I use a phone based version of VESC tools IOS or Android available, coupled with Flipsky Bluetooth connector on VESC with it configured in UART mode allows more info displayed on VX3 and/or the ability to log data and easily change limits at the waters edge.without your laptop risking its life :wink:


Nice build - what’s the cooling plan for the 75200? You might find that it will heat soak after 10 minutes or so of riding.

I was hoping that by going with both an aluminum enclosure and submerging the ESC in CorrosionX it would help to passively dissipate heat well enough. Unfortunately I dont have enough room in the electronics compartment for the taller water cooled case option. The red box on the left is the ESC and the gray cylinders are where the Rivnuts are placed.

If that doesn’t work out, I’ve plumbed the mast with a water intake as seen below that is intended to route through a water-cooling block attached to the ESC enclosure with some thermal paste. I still need to figure out where to place the outlet if this ends up being needed.

This is probably where I diverged from common best practice the most. I had a really hard time routing the cables through the mast and getting the clamp assembly to come together. So much so, that I’m not sure I can remove the clamp without damaging the motor cables in order to run an inlet through the nose cone.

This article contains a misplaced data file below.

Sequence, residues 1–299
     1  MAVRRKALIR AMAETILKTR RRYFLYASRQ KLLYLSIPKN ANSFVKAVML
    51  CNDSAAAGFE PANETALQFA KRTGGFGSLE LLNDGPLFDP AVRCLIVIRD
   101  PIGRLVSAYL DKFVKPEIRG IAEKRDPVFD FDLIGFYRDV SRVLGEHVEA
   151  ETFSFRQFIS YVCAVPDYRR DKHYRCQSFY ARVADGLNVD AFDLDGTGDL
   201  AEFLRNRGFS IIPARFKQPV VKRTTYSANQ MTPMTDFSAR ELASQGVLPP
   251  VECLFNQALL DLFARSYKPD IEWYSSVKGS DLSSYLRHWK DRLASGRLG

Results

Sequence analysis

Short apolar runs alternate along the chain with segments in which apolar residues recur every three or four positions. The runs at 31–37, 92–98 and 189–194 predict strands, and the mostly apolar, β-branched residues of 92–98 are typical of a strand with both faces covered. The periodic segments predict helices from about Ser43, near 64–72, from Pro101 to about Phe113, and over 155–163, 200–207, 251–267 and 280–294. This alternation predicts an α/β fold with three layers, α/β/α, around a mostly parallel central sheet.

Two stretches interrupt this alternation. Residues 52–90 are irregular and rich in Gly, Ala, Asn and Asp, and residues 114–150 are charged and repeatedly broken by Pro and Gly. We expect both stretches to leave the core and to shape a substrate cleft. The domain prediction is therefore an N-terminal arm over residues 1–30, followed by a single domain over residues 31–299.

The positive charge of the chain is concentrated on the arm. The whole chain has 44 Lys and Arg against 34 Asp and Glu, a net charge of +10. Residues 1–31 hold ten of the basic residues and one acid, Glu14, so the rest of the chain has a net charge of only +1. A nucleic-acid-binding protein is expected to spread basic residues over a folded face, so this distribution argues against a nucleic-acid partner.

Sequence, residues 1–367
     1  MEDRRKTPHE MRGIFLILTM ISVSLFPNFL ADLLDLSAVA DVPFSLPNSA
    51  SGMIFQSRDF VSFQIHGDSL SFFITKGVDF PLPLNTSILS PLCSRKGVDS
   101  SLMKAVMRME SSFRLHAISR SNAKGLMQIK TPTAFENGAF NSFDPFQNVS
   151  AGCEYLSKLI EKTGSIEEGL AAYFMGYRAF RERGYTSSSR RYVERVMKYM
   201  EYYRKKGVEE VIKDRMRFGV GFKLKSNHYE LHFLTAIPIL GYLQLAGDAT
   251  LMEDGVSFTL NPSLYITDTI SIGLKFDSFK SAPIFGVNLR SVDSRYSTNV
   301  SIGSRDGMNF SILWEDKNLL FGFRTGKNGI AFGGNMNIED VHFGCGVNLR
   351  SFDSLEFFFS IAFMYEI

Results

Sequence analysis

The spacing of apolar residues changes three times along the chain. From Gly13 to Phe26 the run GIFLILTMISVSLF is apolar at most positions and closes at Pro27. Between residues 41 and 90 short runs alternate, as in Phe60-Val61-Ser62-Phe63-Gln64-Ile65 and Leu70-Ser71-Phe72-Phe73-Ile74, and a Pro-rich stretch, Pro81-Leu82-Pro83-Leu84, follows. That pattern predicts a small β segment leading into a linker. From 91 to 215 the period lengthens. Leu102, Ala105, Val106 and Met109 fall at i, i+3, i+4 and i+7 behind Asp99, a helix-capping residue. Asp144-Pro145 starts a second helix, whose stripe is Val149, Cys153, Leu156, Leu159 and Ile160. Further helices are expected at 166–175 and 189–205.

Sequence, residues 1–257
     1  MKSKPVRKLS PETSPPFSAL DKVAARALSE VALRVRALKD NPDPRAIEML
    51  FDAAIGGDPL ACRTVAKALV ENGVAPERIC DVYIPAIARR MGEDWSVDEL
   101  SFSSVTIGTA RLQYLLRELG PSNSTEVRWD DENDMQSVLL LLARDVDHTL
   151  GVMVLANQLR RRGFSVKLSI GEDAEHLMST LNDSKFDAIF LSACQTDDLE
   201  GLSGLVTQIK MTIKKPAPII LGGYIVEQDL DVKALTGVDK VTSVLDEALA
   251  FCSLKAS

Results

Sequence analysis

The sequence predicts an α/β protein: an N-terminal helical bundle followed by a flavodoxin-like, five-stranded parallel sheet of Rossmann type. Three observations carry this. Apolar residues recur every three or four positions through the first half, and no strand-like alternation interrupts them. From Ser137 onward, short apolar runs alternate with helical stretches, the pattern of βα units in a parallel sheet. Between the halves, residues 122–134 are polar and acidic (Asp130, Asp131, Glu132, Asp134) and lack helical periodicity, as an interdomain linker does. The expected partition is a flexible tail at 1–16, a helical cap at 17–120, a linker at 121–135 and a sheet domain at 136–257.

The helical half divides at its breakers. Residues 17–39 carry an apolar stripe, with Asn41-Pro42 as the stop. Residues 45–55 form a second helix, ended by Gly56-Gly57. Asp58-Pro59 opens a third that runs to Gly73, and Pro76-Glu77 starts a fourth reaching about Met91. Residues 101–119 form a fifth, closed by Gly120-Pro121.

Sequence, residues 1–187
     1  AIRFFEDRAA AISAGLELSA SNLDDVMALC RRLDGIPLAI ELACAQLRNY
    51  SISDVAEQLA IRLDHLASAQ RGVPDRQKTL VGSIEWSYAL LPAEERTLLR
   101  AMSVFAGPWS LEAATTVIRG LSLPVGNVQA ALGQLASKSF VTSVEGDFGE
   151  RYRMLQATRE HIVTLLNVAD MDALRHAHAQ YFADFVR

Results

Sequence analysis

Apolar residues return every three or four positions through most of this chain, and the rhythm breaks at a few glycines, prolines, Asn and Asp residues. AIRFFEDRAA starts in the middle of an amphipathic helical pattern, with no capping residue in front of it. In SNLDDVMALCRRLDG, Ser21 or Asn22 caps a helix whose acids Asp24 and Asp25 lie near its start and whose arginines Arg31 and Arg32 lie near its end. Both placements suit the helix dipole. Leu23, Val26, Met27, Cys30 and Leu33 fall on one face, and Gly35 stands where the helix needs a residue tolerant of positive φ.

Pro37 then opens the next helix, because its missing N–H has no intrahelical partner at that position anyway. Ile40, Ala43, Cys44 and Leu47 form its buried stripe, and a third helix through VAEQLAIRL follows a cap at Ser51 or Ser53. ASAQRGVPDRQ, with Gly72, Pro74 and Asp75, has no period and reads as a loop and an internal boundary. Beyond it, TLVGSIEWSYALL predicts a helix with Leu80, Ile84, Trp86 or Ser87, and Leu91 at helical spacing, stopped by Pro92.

Instead, I ran a water cooling line directly down through the mast and our the bottom of the fuselage.

From here I’m thinking there are a few outcomes:

  • The inlet functions as-is and provides enough intake pressure for water to flow through the block or;
  • I need to add a small scoop to the inlet to channel water into the intake or;
  • I need to use the small 5v pump in the pic to pull water through the intake.


Nice project and very good idea !

Thanks! The other positive of these cables is that like the other XT60 and XT90 versions, they claim to be anti-spark. I’ve seen so many instances of failed flipsky anti-spark switches that this seemed like a worthwhile alternative to test.


The VX3 has three levels of throttle control. H,M and L that are independent of VESC limits.

Thanks for the tip! I was scratching my head on this as I’ve seen it mentioned in other places but was only able to find the numerical throttle response 0-4 option which has more to do with throttle delay if I’m understanding it correctly.

After being thrown from the board a handful of times due to throttle sensitivity, I put in a -15% exponential throttle curve through VESC which helped some but is still not great. I’ll give your suggestion a try.